Comparing compositions of two different artists is one of my favorite things about teaching art. I have posted before about this lesson, and it is such a good one I am happily posting again with this year's second graders. American painters Norman Rockwell and Jackson Pollock seem to have nothing in common - Rockwell was narrative with a skillful, realistic technique and Pollock, aka "Action Jackson" was an abstract expressionist bursting with energy and movement. Pollock died young and had a limited number of completed works, while Rockwell had a long career and many many works. However, they both were born in the early 1900's and lived in the northeastern part of the U.S.; they also worked in old barns converted to studios. They both painted on large canvases, although Pollock's were rolled on the floor and Rockwell's were painted on an easel.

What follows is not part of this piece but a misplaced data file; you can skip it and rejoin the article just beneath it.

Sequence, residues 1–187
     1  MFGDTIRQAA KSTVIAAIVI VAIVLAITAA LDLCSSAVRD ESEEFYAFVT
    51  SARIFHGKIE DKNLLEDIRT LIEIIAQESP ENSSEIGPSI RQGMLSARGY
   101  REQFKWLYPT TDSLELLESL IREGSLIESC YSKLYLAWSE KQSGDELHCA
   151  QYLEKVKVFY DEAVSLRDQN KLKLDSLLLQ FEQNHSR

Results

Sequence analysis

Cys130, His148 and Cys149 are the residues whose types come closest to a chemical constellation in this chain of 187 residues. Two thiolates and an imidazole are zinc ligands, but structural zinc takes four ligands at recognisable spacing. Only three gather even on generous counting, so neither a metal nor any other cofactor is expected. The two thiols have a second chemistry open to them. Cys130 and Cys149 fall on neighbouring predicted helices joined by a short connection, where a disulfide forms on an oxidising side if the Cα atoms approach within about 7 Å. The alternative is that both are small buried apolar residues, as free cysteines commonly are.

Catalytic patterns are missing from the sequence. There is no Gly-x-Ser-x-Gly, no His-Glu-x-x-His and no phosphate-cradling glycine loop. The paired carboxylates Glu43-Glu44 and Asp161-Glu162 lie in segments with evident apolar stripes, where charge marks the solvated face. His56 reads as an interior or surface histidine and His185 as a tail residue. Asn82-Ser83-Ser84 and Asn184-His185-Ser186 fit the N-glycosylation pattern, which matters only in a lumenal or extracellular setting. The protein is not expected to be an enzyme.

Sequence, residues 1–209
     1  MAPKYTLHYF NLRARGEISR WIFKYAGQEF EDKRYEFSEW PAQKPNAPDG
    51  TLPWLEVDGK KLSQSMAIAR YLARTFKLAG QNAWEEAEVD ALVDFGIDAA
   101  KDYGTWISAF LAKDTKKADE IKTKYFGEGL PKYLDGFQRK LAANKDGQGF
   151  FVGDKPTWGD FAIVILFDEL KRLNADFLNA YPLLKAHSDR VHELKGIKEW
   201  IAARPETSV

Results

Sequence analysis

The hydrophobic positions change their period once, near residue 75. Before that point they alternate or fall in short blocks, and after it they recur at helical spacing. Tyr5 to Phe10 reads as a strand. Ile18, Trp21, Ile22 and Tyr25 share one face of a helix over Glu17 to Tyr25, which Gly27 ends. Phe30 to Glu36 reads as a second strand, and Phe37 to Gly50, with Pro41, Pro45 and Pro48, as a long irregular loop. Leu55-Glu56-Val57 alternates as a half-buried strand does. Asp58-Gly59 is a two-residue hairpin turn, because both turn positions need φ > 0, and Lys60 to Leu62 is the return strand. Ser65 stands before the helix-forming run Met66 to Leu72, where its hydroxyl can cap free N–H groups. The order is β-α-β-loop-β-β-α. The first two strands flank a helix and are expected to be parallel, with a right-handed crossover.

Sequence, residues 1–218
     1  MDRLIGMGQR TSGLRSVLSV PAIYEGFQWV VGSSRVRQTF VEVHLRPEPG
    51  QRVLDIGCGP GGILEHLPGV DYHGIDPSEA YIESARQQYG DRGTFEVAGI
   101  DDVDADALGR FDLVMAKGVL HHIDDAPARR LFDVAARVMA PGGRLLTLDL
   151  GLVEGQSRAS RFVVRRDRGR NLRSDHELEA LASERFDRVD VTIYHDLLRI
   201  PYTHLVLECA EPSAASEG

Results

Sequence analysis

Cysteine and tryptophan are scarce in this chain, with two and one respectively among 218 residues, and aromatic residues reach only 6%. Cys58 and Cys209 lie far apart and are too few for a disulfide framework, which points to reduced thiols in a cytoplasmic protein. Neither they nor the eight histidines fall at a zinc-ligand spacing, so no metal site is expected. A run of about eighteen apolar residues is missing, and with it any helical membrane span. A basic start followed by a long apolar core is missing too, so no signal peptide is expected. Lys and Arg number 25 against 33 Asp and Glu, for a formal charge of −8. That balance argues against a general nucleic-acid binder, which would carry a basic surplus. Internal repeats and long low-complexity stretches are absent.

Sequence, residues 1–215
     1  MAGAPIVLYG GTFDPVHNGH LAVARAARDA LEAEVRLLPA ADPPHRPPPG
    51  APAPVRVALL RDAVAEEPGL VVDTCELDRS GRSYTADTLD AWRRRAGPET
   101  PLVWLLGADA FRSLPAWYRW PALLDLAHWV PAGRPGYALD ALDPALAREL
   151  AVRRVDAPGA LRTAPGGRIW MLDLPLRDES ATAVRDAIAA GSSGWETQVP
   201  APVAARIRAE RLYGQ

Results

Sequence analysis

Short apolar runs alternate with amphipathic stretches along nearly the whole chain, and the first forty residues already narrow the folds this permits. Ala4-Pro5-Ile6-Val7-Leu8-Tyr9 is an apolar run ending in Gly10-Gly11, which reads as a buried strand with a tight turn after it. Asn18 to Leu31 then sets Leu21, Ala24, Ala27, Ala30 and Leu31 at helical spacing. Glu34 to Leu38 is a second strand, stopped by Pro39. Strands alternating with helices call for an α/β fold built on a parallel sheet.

Rockwell made a painting called The Connoisseur in 1962, showing an art critic or collector at a gallery, taking in a painting resembling the drippy, splattery style of Jackson Pollock. My second graders put themselves in the shoes of this art expert, posing in a thinking pose and shooting pics of each other for our renditions of this iconic image.
We tried out both artists' styles, first creating a Saturday Evening Post cover imitating Rockwell's Triple Self Portrait, 1960, and then working at a 4-part action painting station. Students shared their thoughts on which artist they preferred, and the majority said they liked both for their own unique qualities, making our "mash-ups" all the more meaningful.